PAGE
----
Coffee and caffeine have an impact on other aspects of your health outside of prostate health. Some studies suggest that consuming coffee and caffeine is associated with a reduced risk of certain diseases. One study published in Cancer Causes & Control in January 2011 found that drinking three or more cups of coffee daily was associated with a 44 percent reduced risk of developing liver cancer in a group of older Chinese adults.
In addition, the Journal of Alzheimer’s Disease reported the results of a recent review study that explored a relationship between coffee and dementia. The investigators concluded that coffee drinking may be associated with a reduced risk of dementia and Alzheimer’s disease.
But despite these positive studies, a combination of coffee, caffeine, and stress can be very unhealthy. Here are some reasons why these three don’t always mix well.
- Coffee raises stress hormone levels. Elevated levels of stress hormones, including norepinephrine and especially cortisol, are responsible for raising heart rate and blood pressure. When you combine coffee/caffeine with stress, you place your stress hormones on high alert, which in turn puts your heart rate and blood pressure in unhealthy states as well. Elevated stress hormones also weaken your immune system. If you reduce your coffee/caffeine consumption, you will lower your stress hormone levels, blood pressure, and heart rate, and help preserve your immune system health.
- Coffee contributes to weight gain. The higher cortisol levels associated with coffee consumption are also linked to insulin resistance, increased appetite, and cravings for fatty foods. High cortisol levels can also contribute to fat deposits in the abdomen, which is a risk factor for heart disease.
- Coffee plus stress may equal heart attack. Coffee consumption can increase stress, which is a known risk factor for heart attack, heart palpitations, and elevated homocysteine, another risk factor for heart disease. If you are stressed, coffee is not a health beverage for your heart.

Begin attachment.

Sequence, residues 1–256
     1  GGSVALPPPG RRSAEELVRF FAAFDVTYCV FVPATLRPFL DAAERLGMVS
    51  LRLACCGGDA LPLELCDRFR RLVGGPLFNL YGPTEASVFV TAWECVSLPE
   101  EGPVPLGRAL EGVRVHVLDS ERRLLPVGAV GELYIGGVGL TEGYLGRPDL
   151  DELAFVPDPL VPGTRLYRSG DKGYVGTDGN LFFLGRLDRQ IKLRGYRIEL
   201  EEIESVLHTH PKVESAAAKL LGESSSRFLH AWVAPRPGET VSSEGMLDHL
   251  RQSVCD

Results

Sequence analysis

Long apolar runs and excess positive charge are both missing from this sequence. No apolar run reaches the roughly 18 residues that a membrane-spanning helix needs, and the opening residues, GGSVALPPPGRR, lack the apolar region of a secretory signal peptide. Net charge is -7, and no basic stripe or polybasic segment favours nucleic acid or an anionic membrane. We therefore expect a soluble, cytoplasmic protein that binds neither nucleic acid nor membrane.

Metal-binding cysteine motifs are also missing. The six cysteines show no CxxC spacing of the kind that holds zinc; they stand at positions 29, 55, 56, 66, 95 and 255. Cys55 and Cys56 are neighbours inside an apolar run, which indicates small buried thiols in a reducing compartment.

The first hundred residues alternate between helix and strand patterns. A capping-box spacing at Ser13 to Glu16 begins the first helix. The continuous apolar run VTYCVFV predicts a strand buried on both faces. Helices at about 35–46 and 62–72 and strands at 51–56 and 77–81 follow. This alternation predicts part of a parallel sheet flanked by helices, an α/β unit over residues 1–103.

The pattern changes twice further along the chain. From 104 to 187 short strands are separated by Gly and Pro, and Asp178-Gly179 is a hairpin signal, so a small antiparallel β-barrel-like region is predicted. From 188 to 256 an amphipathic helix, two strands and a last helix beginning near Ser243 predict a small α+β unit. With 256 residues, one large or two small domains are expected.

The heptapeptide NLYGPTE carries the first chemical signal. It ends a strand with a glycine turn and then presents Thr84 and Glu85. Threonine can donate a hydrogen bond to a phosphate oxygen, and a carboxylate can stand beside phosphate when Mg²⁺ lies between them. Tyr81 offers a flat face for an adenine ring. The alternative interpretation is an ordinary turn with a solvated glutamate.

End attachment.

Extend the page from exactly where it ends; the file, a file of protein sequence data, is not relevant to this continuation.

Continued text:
- Stress and coffee affect the brain. Stress has a detrimental effect on the parts of the brain responsible for planning, decision making, and reasoning. When you add caffeine, your mental abilities, mood, and memory can suffer, because caffeine interferes with blood flow to the brain. To keep mentally sharp, reduce your use of coffee and caffeine.
- Stress and coffee disrupt sleep. Stress and worry can keep you awake, and the stimulating effects of caffeine can disrupt your ability to sleep. If you eliminate coffee, you may regain the ability to sleep.
- Stress and coffee irritate your GI tract. Coffee and caffeine are highly acidic, which can increase the risk of heartburn, ulcers, and irritable bowel syndrome. Reduce your coffee intake, and reduce your risk of these gastrointestinal problems.
An occasional cup of coffee will not likely have a negative effect on prostate health or your overall health. But if you have BPH, coffee consumption should be limited. If you want to enhance prostate health and general well-being, however, the better choice is green tea.